Paul Spalding-Mulcock, Features Writer

'I Don't Know Who I Am Anymore': All In Her Head By Nikki Smith

‘The finest thing in the world is knowing how to belong oneself’. Michel de Montaigne might not have cut it as a psychiatrist, if these words were meant to comfort tortured souls dislocated from their own frail sense of self by dint of psychogenic or post-partum psychosis. Nikki Smith’s debut is no more comforting; however, it is a deftly rendered psychological suspense thriller and a delightfully disturbing gem.

From the prologue’s sinister first sentence to the novel’s shocking final line, this reader was ensnared by Smith’s mesmeric forces, pulled ever deeper into her book’s unmoored realities, menace laden ambience and divinely diverting plot. Dante Alighieri said, ‘abandon hope all ye who enter here'…Smith’s debut could come with a similar disclaimer, with a few additional words tagged on…’But do expect to enjoy a scintillating ride’!

Our first steps into Smith’s finely crafted plot take us In Medias Res to a defining moment - a suicide attempt, shared in the first person, present tense. The story draws its unsettling substance from understanding this moment, its context and background. Our two chief protagonists tell their own unexpurgated version of events. The lives of Alison and Jack, once happily married and very much in love, have unravelled, becoming nothing more than a deleterious amalgam of manic obsessions, pernicious paranoia and unacknowledged traumas.

A cat and mouse tale unfolds like a coiled, venomous serpent, its eyes sparkling with menace and its words spoken with a forked tongue. The reader attempts to complete a complex jigsaw puzzle without the luxury of a picture to guide their innocent efforts. Our marvellously manipulative author forces us to doubt the veracity of her puzzle’s jagged pieces, relentlessly undermining our understanding and drawing us ever deeper into the novel’s malevolent, but alluring wormholes.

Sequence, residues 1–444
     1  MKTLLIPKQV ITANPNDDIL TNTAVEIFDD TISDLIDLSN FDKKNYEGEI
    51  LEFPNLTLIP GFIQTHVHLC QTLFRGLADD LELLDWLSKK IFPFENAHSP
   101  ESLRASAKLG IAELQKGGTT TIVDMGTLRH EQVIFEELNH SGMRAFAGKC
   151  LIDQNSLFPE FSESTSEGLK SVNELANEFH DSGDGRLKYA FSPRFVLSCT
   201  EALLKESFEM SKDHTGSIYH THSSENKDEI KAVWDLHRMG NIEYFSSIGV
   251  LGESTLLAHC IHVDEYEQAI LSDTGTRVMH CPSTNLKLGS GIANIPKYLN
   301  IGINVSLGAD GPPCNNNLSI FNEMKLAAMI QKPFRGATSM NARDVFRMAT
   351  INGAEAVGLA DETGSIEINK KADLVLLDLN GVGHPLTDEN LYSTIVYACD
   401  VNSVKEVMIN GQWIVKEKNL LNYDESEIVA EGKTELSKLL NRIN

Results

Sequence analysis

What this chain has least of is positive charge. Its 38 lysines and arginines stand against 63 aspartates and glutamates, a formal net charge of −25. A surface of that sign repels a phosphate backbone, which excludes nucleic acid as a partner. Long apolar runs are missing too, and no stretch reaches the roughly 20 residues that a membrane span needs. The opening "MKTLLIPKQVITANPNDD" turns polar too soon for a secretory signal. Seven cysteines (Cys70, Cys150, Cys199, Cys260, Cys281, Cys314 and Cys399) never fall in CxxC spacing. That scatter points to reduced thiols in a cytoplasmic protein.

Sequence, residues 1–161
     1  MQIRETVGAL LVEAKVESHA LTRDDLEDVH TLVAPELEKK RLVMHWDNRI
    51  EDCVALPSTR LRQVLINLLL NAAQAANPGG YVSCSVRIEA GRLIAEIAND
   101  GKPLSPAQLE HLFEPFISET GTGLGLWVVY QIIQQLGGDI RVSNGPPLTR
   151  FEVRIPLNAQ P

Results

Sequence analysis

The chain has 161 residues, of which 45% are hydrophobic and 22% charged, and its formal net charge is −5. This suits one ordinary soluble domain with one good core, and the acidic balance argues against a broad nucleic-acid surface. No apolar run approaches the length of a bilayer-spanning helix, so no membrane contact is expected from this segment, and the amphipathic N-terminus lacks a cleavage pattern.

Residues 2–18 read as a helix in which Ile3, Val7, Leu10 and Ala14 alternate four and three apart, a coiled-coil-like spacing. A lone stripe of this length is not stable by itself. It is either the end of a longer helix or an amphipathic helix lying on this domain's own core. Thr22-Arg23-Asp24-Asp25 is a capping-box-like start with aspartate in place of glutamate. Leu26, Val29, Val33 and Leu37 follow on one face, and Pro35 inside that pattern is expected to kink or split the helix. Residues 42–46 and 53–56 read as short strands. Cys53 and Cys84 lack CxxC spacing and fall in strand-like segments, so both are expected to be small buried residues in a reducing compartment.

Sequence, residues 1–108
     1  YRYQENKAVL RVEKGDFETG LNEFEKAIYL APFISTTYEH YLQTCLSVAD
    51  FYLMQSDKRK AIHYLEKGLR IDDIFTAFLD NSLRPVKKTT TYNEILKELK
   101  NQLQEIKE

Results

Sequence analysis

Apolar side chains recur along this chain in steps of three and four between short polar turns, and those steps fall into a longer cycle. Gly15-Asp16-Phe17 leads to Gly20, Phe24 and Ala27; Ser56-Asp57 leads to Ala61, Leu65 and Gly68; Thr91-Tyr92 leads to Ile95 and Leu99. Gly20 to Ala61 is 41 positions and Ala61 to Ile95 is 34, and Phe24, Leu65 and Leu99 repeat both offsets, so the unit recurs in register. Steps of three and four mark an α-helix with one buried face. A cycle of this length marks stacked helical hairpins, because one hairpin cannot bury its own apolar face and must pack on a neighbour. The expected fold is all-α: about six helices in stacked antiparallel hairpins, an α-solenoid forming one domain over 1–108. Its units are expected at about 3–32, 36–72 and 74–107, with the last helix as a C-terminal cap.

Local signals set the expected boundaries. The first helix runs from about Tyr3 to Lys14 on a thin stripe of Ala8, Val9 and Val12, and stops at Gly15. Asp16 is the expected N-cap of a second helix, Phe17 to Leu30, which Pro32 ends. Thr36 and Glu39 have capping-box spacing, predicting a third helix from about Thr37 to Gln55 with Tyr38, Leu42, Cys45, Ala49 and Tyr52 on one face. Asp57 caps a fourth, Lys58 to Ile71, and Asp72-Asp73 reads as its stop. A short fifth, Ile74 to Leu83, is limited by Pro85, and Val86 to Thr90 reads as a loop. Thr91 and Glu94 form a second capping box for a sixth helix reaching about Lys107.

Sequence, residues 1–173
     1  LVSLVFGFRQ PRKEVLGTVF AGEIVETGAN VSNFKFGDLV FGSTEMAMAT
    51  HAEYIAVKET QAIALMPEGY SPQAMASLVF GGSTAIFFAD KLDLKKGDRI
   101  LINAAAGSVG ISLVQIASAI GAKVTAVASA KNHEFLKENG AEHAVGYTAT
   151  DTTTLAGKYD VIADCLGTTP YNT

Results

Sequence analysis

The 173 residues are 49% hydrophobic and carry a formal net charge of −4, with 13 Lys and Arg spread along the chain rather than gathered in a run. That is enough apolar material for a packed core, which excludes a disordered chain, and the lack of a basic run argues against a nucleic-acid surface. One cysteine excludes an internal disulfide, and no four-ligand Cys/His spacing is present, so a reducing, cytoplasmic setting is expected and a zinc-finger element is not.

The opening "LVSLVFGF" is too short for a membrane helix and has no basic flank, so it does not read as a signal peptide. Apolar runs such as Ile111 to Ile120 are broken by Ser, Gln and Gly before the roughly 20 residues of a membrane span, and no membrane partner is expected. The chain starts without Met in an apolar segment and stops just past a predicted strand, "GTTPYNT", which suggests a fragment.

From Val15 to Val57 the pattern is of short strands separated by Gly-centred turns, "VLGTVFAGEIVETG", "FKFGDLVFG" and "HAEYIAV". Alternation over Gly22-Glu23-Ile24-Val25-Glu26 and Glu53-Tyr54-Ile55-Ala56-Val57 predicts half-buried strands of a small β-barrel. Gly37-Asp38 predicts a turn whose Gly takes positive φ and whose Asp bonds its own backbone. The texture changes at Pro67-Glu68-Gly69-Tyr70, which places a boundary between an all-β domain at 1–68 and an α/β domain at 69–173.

Is Alison delusional and losing her besieged mind, or are her worst fears prudently rooted in the fractured psyche and emotional distress of her once loving husband Jack? With a multiplicity of mutually exclusive explanations, what and who to trust become insidious questions, sabotaging Alison’s sanity and simultaneously drowning the reader’s belief in their own understandings and conclusions. The result is a plot as circuitous as it is captivating and a story which absorbs us in its dissembling, beautifully artificed twists. Smith keeps us riddled with doubt in our judgement, submerging us vicariously into the uncertainty and distortion haunting the novel’s characters and their truths, misunderstandings and lies.

The psychological suspense thriller genre has of course given us the likes of Mary Higgins, Gillian Flynn and Stephen King to name but a few of its consummate practitioners. The protagonists within this beguiling literary form are reliant on their mental resources, whether it be by battling wits with an antagonist, or searching for equilibrium in their own bedevilled minds. Such tales are often told through the viewpoint of psychologically disturbed individuals exhibiting ‘a dissolving sense of reality’ and often focus upon tortured relationships between obsessive, pathological characters. Mystery, drama, paranoia and pernicious menace stalk their pages, suspense and ambiguity precipitating palpable tension.